A new potential conflict arose Tuesday between Turkey and the Islamic State when militants surrounded Turkish troops assigned to guard an ancient tomb in a small Turkish territory inside Syria.
Yeni Safak, a pro-government daily, said that as many as 1,100 fighters of the Islamic State, which now controls more one-third of Iraq and one-third of Syria, had deployed around the shrine of Suleyman Shah, the grandfather of the founder of the Ottoman Empire. Two other Turkish news media had similar reports, but without such details.
Turkey maintains an honor guard and protective detachment of 36 troops at the tomb, which lies about about 15 miles inside Syria. Their encirclement raised concern that they might be taken hostage by the Islamic State, just as the Turkish Parliament is considering new military powers that could be exercised to battle the militants.
Bulent Arinc, the deputy prime minister, told a news conference that Islamic State fighters were advancing on the tomb and “have gotten very close.” He gave no details except to say the Turkish contingent had not been withdrawn.
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Sanliurfa.com, a news portal in this southeastern Turkish city, said Islamic State troops had dug in around the tomb, which is located alongside the Euphrates River, and that the standoff is being interpreted as a hostage crisis underway.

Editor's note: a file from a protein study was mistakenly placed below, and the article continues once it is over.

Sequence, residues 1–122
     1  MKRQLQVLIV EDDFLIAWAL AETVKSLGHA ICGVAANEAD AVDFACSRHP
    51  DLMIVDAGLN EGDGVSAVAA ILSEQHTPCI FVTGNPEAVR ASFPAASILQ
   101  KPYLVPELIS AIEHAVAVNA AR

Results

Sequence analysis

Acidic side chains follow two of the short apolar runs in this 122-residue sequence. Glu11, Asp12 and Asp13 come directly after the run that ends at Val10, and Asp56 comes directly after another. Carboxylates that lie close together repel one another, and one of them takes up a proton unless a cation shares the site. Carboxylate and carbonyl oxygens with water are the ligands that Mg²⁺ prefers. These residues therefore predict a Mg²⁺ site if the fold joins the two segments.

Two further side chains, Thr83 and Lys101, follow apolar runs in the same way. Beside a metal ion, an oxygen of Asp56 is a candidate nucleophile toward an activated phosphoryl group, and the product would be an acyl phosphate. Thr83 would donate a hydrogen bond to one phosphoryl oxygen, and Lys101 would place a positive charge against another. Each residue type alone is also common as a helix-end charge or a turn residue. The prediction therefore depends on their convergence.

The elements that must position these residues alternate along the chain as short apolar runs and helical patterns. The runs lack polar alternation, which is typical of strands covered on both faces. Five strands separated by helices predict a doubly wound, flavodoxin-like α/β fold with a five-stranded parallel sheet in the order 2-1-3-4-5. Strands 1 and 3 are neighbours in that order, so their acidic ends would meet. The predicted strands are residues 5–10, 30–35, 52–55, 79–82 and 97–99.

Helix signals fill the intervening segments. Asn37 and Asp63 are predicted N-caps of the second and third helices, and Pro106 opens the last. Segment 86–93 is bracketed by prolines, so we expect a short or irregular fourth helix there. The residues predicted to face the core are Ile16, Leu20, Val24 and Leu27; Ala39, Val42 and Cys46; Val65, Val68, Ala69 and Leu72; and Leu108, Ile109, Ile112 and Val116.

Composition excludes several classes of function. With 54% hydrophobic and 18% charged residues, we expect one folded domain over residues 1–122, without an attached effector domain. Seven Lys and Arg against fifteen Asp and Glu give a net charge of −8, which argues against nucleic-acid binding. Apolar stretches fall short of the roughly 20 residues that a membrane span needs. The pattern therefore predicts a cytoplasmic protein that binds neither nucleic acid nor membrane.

A previous hostage crisis – the Islamic State’s capture in June of 49 Turks and Iraqi staff members of the Turkish consulate in Mosul, Iraq – was resolved only 10 days ago in a still unexplained deal that saw all 49 released unharmed. The government said it did not pay a ransom, but it has not disputed reports that a Syrian rebel force had traded Islamic State prisoners it was holding for the Turkish hostages.
The Turkish government said the Mosul hostage crisis was the reason for its reluctance to give full support to the U.S.-led coalition fighting the Islamic State. Since the hostages’ release, the Turkish government has been engaged in intensive deliberations about what role it should have in the coalition.
The government has drafted on a new war powers act that would grant it the authority to use ground troops in neighboring countries and to participate in operations against the Islamic State if Turkey’s own security and stability are threatened. Parliament returns from a recess on Wednesday, and a vote is scheduled for Thursday.